Our driver waits in eager anticipation. The signal clangs, the guard shows a green flag and with the all clear given, our driver gently eases the regulator open and almost imperceptibly, we are off! We now settle down to enjoy the seven mile round trip and as the engine strains to its task, the outskirts of Chinnor are soon reached. At Keens Lane Crossing our driver may give a warning when walkers are waiting to cross the line. This crossing is known locally as Donkey Lane, the name of which harks back to when the furniture industry was in full swing and chair legs, fashioned by Bodgers on the beechwood slopes above, would be brought down from the hills by pack animals, for onward conveyance by train to High Wycombe.
Views now begin to open up on both sides of the line. To the right a footpath parallels the ancient Upper Icknield Way, whose green route almost certainly predates the Romans: William the Conqueror purportedly travelled along it on his way to London and you can follow in his footsteps. See details of self-guided walks here. If you have the time then why not take a stroll to see a different perspective of Gods Wonderful Railway (as the GWR was sometimes called?) and observe how the line blends so very naturally into the landscape. We are now descending the 1 in 68 bank to the restored Wainhill Crossing Halt (often pronounced Winnall by locals). Although no longer open to passengers, we either stop to let a member of staff open the crossing gates to allow our passage, or if the 'gateman' is already waiting for us, we will slow down and then be shown the green flag so that we can proceed.
Our Stewards will most likely come by at some point during your journey selling tea, coffee and snacks, all served at your seat.
We cross the road at a sedate pace. You will next see a Polo Pony farm immediately to the right and further on, to your left, some poplar trees and a small pond indicate where a Romano-British Villa once stood. The train continues to descend through a cutting, with Bledlow Cricket Club on your left, where matches often take place on lazy summer Sunday afternoons. Give a wave if you see them, as they are good friends of the railway. (The urge to wave to people on a train and for them to wave back, well, it is just something we naturally do!). After crossing West Lane Bridge, if you look carefully to your right, you will see the densely packed and now overgrown Watercress beds. Sadly, due to modern methods of hygienic cultivation, they are no longer in productive use; the railway once carted many boxes away to the London markets.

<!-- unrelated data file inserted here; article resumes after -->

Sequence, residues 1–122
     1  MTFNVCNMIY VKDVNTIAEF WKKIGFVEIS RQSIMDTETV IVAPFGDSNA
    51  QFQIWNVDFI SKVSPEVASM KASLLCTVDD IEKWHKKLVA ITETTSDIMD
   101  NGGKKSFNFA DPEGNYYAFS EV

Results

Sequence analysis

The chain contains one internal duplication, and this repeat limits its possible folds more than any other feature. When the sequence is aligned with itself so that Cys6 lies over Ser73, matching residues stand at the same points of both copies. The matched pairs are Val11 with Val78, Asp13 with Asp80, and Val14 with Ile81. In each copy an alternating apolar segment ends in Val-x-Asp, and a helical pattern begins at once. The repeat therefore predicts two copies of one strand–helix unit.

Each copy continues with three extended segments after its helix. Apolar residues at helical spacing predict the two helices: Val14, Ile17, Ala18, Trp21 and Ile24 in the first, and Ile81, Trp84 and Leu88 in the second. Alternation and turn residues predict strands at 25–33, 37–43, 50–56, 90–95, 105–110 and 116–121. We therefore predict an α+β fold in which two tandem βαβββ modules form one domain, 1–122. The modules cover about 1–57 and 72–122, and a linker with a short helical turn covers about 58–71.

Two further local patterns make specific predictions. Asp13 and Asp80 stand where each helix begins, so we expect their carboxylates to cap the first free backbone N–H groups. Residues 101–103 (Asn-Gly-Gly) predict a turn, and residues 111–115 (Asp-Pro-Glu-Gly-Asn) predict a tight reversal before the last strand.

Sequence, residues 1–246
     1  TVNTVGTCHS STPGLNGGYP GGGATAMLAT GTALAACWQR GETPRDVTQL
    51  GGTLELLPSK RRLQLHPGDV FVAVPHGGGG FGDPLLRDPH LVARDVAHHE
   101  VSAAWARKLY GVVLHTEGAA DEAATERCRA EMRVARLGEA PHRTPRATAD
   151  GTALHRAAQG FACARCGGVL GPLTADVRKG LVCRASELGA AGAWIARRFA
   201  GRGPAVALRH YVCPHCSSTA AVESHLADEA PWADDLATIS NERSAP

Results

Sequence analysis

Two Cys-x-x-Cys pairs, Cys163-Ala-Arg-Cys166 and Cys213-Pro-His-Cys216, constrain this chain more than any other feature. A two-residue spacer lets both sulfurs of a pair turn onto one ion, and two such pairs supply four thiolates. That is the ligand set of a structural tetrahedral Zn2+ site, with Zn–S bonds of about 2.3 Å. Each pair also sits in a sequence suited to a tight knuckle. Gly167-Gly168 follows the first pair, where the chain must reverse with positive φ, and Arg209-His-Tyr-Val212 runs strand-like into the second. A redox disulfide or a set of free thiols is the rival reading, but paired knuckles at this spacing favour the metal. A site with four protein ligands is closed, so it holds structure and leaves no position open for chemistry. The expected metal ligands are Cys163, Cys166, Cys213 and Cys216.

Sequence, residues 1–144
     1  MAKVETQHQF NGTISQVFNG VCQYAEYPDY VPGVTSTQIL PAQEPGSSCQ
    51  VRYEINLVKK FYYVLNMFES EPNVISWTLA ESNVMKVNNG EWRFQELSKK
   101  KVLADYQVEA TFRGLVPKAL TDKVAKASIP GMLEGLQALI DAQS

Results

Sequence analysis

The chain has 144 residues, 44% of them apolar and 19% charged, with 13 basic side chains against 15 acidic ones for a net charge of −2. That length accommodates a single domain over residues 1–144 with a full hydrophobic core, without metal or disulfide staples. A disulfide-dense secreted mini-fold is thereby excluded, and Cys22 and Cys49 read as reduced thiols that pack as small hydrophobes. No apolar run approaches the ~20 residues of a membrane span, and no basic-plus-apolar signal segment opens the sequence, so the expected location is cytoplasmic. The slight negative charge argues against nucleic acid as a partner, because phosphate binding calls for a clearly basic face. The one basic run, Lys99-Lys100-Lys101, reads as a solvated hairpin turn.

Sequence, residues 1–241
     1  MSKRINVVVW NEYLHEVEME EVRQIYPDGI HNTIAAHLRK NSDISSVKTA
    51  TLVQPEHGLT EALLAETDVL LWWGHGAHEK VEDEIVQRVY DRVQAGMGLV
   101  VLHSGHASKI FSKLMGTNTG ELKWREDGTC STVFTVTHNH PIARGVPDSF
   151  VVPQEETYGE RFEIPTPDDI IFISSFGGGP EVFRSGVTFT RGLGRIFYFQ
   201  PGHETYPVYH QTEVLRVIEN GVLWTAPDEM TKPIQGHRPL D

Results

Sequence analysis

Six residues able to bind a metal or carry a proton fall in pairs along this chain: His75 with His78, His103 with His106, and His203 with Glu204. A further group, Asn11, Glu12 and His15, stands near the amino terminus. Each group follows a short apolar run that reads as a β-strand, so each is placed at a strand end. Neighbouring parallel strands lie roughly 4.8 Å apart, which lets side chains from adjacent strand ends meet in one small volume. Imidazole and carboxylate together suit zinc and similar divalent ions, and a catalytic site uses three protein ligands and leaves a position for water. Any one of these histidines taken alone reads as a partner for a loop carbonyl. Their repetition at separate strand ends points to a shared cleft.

Then we go over Perry Lane Bridge. After which you will see the closed Bledlow Bridge Halt on the left and there are now good views across open fields on both sides of the train. On the right you can see in the middle distance Whiteleaf Cross, etched into the chalk hillside: its origins are believed to date back to the Middle Ages or earlier, and it is thought to have been intended to act as a marker for the old salt route from Droitwich to London. The train next arrives at Horsenden Lane Crossing and here we cross over the Phoenix Trail, which is owned and managed by Sustrans and which provides a popular footpath and cycle route between Princes Risborough and Thame. Passing over the crossing, we bear sharply to the right and descend to Thame Junction.
On most journeys at present your train halts a-while at Thame Junction and then returns to Chinnor. However on certain Sundays and when Network Rail allow us to do so - your train could pass over the boundary point between the heritage line and Network Rail for the additional 1.8km return journey to the site of what will become an interchange platform at Princes Risborough in the future.
Please note: If your train does proceed to the Princes Risborough site we are pleased to announce that there is now a functioning platform (Platform 4) where you may join or leave the train.